observed in this kind of chemical treatment and may be due to the clogging of some pores by
the polymerized siliconate.

The results obtained with water (Figs. 2 b) show quadratic relationships between the pressure
drop and the superficial velocity. It is well known that this behavior is due to inertial effects
which are not negligible compared to viscous effects at high flow rates. The Forchheimer
equation is generally used to account for inertial effects:
∆P µ V ρ V 2
− = + (2)
L k η
where ρ is the fluid density and η is called the passability factor. In petroleum engineering,
we prefer to use the coefficient β = 1/ η called the inertial factor or the non-Darcy flow
coefficient.

Fitting the data by quadratic relationships leads to values of k and η presented in Table 2 for
the different experiments. It can be seen that there are some discrepancies between the
permeability that may be due to experimental accuracy.
Table 2a. Experimental values of permeability and passability (water wet sand).

T (°C) k (Darcy) η (m)


Water 19 4.56.103 8.30.10-05
Marcol 23 5.03.103 Not measured

Table 2c. . Experimental values of permeability and passability (treated sand).

T (°C) k (Darcy) η (m)


Water 18 3.37.103 5.83.10-05
Marcol 23 3.64.103 Not measured

Two-phase flow results


Observations at the outlet of the porous medium (before the capillary tube) show that oil and
water flow simultaneously as a milky emulsion. From observation during decantation, it seems
that the emulsion is formed of oil droplets into a continuous water phase. The type of emulsion
and the size of the droplets was not characterized in this study but the milky aspect implies a
size much smaller than the pore size. Since there is no surfactant, the emulsion is not stable
and oil and water separate after a few minutes.

Measured pressure drops and water saturations are presented in Figs 3a,b,c and 4a,b,c as
functions of water superficial velocity for different values of the oil superficial velocity.
Although the capillary pressure is negligible compared to viscous effects, the main feature of
these results is the strong effect of wettability on the pressure drop. Fig. 3c, shows the
comparison of the pressure drops for the treated and not treated sands for the same oil
superficial velocity. The main difference is the presence of a maximum at low water velocity
for the non treated sand. Therefore, there are two domains:
• At low water superficial velocity, the pressure drop in the water wet sand is higher than
the pressure drop in the treated.
• At high water superficial velocity, we observe the opposite behavior.

For saturation, the observed curve is similar to what is commonly observed for two-phase flow
in porous medium for both sands. For a given constant oil superficial velocity, the water
saturation increases when the water superficial velocity increases. In addition, as it is shown in
Fig. 4c, the wettability of the medium has no effect on saturation.

Emulsion viscosity
The flow structure was characterized by measuring the pressure drop of the simultaneous flow
of oil and water through the calibrated tube at the outlet of the sample. The "effective"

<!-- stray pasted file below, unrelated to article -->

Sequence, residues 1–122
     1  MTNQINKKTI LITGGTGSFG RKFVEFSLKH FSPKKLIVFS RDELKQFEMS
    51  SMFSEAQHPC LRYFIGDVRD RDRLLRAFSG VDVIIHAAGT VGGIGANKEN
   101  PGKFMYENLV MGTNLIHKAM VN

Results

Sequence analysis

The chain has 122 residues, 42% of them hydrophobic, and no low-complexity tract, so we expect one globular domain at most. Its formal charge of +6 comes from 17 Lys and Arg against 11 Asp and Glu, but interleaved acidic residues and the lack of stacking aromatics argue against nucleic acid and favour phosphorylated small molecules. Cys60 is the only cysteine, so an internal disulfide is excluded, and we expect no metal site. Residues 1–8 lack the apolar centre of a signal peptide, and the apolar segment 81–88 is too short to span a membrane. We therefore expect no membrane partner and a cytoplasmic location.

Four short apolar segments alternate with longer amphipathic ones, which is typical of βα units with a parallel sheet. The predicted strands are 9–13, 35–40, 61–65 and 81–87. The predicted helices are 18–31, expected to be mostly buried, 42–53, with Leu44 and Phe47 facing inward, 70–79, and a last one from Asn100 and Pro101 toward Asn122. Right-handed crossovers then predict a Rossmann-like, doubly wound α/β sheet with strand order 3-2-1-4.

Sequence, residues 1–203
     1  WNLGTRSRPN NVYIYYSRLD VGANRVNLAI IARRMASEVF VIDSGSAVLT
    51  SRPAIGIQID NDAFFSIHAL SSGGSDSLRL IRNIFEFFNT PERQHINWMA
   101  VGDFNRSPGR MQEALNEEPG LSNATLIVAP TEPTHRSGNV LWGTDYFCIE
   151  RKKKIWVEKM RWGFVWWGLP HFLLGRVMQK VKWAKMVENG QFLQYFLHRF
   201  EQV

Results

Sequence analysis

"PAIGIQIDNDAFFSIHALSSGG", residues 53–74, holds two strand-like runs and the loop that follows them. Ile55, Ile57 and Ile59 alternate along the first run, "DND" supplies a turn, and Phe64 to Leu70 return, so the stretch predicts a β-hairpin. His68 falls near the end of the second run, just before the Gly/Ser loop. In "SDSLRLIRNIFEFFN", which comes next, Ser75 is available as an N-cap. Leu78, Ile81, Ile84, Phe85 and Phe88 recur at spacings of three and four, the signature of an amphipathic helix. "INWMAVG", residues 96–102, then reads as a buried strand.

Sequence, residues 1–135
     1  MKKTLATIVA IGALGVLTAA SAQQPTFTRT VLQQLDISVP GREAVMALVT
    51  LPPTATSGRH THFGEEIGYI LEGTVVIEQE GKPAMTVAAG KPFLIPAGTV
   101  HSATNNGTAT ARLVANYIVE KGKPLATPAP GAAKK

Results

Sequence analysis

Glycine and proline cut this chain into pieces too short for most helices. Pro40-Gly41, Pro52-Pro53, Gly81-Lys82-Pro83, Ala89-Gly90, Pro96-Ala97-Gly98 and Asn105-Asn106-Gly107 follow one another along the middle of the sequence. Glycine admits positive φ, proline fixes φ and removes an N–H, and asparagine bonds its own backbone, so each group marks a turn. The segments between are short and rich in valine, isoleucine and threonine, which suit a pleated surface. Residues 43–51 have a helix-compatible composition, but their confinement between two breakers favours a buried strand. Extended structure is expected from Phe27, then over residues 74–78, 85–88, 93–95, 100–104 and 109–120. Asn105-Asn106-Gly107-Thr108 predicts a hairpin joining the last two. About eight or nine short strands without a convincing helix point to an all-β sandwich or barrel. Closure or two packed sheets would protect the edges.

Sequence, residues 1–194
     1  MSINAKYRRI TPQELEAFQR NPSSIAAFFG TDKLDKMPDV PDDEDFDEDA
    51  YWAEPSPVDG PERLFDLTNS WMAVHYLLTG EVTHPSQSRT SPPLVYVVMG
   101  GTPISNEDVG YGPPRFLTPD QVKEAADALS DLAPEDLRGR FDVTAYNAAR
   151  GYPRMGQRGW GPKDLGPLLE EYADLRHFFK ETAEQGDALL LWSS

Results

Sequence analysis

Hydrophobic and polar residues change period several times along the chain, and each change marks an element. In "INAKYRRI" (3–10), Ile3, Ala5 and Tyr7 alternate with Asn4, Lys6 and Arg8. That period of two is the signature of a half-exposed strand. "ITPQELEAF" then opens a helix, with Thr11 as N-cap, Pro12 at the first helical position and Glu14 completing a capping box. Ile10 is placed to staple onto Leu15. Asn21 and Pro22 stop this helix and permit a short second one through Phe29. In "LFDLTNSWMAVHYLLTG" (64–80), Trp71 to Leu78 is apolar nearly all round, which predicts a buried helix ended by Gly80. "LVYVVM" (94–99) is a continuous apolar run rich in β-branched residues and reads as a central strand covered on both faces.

emulsion viscosity is determined assuming that emulsion is flowing as a single-phase
Newtonian fluid at the superficial velocity of the mixture and that it fo llows Poiseuille’s law.
This is a very crude measurement that does not account for the effect of shear stress on the
apparent viscosity. However, due to the low stability of the emulsion, it was impossible to use
a rheometer to better characterize the rheology of the emulsion.

The results are presented in Fig. 5 for Marcol oil as function of the water volume fraction for
the two kinds of sand packs. It can be seen that the wettability of the media has a strong effect
on the effective viscosity of the emulsion. Values obtained with the water wet sand are always
higher than those of the oil and water pure phases. On the other hand, the effective viscosity of
the emulsion for the treated sand is lower than the viscosity of the pure oil phase.

Relative permeability curves


The approach commonly used to describe two-phase flow in porous media is based on the
generalized Darcy’s equations:
∆P µ V
− w = w w (3)
L k K rw
∆P µ V
− o = o o (4)
L k Kro
where w and o stand for water and oil respectively, P is the pressure (capillary pressure is
neglected), L is the sample length, V is the superficial velocity, k is the intrinsic
permeability, and Kr is the relative permeability.

For flows in porous media, it is well established that when inertial effects are negligible, the
relative permeability of each fluid is a unique function of saturation. This is not the case in our
experiments. The calculated Krw and Kro are presented in Figs. 6a,b as functions of measured
water saturation. It can be seen that Krw is effectively only function of water saturation, while
there are several curves of Kro depending on the oil superficial velocity for both treated and
non-treated sands.

DISCUSSION
This set of experiments show two main physical mechanisms:
1) effect of wettability on pressure drop and viscosity and not on saturation
2) effect of flow rate on oil relative permeability

The effect of wettability on the properties of the emulsion has been observed and related to the
emulsion morphology. Following Alvador [5], a water wet medium would lead to a
continuous water phase (oil- in-water emulsion), while an oil wet medium would lead to a
water-in-oil emulsion. However, in our experiments, the emulsion looks like an oil- in-water
emulsion for both kinds of sand. Nevertheless, experimental measurements of the dynamic
viscosity show clearly that there is a strong difference of the flow structure according to
whether the sand is perfectly or partially water wet. More investigations are therefore needed
in order to characterize more accurately the emulsion morphology.